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Are Royalties Payable after a Patent has Expired?

Michael McDonald | September 1st, 2015

mdp special counsel Sarah Verstak compares the differing legal positions on this issue in Australia and the United States. The differences highlight why caution should be exercised when entering into patent licence agreements in different regions.

The Supreme Court of Victoria in ARB Corporation v Robert & Ors  recently found that royalties were payable beyond the life of a patent. Interestingly, the Australian position takes a much more commercial approach, compared to courts in the U.S, in relation to conducting businesses that are underpinned by patents.

By contrast, a U.S. court’s decision in Kimble v. Marvel Enterprises Inc in fact disadvantaged a licensor who had a patent in place.  The court held that, if a patent owner has an agreement that exceeds the term of the patent, the agreement will be unenforceable unless a discounted royalty rate applies after the expiration of the patent.

THE AUSTRALIAN POSITION

Background

Mr Roberts developed a differential locking system, which was the subject of patent applications in Australia, Europe, Japan and the U.S. (the Technology).

In 1987, Mr and Mrs Roberts and their company Altair Aviation Pty Ltd (the Vendors) entered into a sale agreement under which the rights to the Technology were sold to ARB Corporation Ltd (ARB).

The sale price was paid by way of an up-front payment and royalty payments were calculated by reference to the sale of products made by ARB (the Royalty Payments). In the Sale Agreement, the definition of the products referred to the four pending patent applications.

The patents did eventually proceed to grant.  However, the Sale Agreement did not specify an end date for the payment of royalties.

Consequently, after the patents had expired, ARB asked the Supreme Court of Victoria to consider the preliminary question of whether royalties were still payable under the Sale Agreement.

The contentions of the parties

ARB argued that under the Sale Agreement, its obligation was to pay royalties only for the duration of the life of the patents.  ARB submitted that the royalty obligations were intended to be limited to the term of the patents because otherwise, royalties would be payable forever.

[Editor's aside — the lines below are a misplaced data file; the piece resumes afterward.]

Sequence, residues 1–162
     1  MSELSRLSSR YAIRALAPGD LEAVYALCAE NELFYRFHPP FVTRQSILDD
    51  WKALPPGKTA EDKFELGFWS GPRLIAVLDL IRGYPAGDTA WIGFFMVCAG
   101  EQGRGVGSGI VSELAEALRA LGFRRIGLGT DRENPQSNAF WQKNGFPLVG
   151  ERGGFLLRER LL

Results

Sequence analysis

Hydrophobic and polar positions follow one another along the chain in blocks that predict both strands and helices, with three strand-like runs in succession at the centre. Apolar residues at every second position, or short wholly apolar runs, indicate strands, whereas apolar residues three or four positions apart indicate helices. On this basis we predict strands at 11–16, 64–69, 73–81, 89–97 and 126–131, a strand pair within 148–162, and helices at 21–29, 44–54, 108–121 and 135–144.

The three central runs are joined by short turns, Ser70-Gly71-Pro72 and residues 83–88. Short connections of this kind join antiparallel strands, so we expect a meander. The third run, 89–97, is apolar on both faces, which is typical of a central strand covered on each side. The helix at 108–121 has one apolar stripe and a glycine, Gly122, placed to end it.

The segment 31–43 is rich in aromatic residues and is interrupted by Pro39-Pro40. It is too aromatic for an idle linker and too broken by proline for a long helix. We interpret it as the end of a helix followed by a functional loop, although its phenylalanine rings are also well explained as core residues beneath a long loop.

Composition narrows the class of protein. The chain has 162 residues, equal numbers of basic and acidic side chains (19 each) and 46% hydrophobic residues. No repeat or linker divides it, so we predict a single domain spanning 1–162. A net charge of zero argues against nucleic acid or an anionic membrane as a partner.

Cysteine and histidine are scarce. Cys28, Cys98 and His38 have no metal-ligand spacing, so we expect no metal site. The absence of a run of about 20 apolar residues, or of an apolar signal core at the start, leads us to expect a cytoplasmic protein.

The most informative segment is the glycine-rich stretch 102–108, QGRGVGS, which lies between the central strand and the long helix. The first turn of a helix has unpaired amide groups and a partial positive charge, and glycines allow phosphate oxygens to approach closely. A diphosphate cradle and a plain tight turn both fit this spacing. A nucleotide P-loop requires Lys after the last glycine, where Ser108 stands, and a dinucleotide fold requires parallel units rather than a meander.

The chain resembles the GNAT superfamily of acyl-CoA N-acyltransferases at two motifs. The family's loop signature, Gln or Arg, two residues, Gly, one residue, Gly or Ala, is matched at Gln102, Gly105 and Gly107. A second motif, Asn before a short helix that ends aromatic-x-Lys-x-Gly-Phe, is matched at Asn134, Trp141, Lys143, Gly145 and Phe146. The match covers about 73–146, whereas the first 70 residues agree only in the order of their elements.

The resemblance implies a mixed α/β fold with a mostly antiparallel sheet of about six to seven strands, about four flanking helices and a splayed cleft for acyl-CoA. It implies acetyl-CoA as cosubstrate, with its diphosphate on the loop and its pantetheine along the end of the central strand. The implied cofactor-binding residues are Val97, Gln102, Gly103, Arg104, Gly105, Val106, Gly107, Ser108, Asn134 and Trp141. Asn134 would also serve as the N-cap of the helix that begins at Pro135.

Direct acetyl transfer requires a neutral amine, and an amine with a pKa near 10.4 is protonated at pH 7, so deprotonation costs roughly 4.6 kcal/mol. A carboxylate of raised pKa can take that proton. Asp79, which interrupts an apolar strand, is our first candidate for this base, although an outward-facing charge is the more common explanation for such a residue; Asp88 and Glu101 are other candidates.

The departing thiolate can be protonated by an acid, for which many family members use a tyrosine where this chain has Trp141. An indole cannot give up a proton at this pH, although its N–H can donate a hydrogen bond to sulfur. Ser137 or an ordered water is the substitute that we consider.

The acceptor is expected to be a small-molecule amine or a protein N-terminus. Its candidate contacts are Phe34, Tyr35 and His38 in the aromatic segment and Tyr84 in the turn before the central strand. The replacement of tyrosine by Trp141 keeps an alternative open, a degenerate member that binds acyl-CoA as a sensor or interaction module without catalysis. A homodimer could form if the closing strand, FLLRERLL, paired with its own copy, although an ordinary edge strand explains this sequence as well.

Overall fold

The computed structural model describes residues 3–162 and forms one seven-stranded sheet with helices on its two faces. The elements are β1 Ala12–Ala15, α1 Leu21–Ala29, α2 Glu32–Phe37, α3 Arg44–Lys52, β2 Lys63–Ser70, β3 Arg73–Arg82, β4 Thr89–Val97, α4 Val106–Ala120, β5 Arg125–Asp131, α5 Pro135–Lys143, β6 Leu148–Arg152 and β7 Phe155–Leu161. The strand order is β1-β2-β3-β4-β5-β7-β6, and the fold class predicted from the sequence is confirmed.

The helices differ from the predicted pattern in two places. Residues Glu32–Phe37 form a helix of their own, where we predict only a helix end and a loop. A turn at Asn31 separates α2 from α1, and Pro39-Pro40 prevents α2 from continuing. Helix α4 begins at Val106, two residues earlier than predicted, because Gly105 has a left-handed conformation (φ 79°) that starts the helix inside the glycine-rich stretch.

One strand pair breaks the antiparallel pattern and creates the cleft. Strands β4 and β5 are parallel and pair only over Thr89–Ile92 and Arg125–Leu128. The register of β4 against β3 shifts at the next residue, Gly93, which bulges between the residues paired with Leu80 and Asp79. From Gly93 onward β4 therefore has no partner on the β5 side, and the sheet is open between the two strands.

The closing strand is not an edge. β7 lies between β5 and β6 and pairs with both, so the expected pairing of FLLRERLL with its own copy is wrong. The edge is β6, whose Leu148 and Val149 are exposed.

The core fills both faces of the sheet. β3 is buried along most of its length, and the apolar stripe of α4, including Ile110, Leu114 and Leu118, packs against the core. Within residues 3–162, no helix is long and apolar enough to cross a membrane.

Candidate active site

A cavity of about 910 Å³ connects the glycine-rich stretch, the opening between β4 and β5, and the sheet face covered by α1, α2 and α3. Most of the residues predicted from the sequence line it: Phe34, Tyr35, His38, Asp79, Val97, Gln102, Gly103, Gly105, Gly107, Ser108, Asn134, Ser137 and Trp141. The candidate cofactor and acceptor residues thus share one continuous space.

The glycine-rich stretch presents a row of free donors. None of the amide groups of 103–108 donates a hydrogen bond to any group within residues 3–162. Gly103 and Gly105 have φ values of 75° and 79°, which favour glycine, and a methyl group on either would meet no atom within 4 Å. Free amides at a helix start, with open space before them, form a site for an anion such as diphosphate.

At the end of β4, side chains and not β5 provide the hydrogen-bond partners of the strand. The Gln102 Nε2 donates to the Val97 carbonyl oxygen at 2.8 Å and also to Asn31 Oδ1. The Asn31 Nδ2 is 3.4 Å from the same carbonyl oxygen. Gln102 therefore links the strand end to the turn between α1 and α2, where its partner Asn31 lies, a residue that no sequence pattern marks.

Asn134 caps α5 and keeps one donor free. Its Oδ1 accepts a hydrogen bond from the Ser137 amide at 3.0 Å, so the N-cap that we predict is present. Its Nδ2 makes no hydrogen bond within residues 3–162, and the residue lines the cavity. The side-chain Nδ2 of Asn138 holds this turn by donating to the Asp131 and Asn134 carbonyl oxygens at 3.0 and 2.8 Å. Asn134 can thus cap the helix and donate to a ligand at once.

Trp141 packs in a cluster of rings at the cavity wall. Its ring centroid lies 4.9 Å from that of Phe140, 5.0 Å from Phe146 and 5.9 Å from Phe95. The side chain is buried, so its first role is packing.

The Vendors argued it was intended that the Royalty Payments would be payable:

  • for as long as ARB continued to manufacture dirrential locks using the Technology; and
  • the obligation to pay royalties was not confined to or limited by a length of time that related to the patent applications proceeding to grant and thereafter remaining registered.

The Supreme Court of Victoria’s findings

Justice Vickery found in favour of the Vendors that there was still an obligation on ARB to pay royalties even after the expiration of the patents.

His Honour noted that at the time of entering into the Sales Agreement, ‘it was entirely possible that none of the patents which were the subject of the patent applications would be granted’, and according to ARB’s construction, no royalties would be payable to the Vendors whatsoever.  His Honour did not consider that was the contractual intention of the parties.

To the contrary, it was found that the obligation to pay royalties was not contingent upon the grant of the patents.

Justice Vickery also noted that the royalties were directly linked to the volume of sales of the product made by ARB, and if at any time, it became unprofitable for ARB to continue to manufacture the products, it had the option to cease manufacture and sales.

It was found that the construction of the contract put forward by the Vendors produced a businesslike result that was consistent with the commercial context and purpose of the Sale Agreement.

THE POSITION IN THE UNITED STATES

In the case of Kimble v. Marvel Enterprises Inc, the 9th Circuit Court held that, where an agreement extended beyond the life of a patent, because the agreement contained inseparable patent and non-patent rights, it was unenforceable beyond the expiration date of the underlying patent unless there was a discounted rate or a clear indication that the royalty is in no way subject to patent leverage.

Background